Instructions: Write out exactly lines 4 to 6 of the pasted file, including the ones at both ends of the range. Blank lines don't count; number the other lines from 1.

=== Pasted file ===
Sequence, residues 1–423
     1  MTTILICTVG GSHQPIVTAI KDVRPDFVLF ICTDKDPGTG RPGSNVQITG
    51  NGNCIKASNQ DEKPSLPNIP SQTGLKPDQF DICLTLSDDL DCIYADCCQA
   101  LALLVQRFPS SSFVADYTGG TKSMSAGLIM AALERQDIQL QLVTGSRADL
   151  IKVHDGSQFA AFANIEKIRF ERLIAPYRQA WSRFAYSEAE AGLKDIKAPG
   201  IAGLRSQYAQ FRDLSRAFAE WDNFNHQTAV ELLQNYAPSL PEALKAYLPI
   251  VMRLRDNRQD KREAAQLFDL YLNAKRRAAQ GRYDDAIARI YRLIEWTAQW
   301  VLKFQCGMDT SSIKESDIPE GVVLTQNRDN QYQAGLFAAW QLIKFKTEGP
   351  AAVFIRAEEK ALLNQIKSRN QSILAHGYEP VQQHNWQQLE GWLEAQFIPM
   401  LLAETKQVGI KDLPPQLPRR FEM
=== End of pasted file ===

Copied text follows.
   101  LALLVQRFPS SSFVADYTGG TKSMSAGLIM AALERQDIQL QLVTGSRADL
   151  IKVHDGSQFA AFANIEKIRF ERLIAPYRQA WSRFAYSEAE AGLKDIKAPG
   201  IAGLRSQYAQ FRDLSRAFAE WDNFNHQTAV ELLQNYAPSL PEALKAYLPI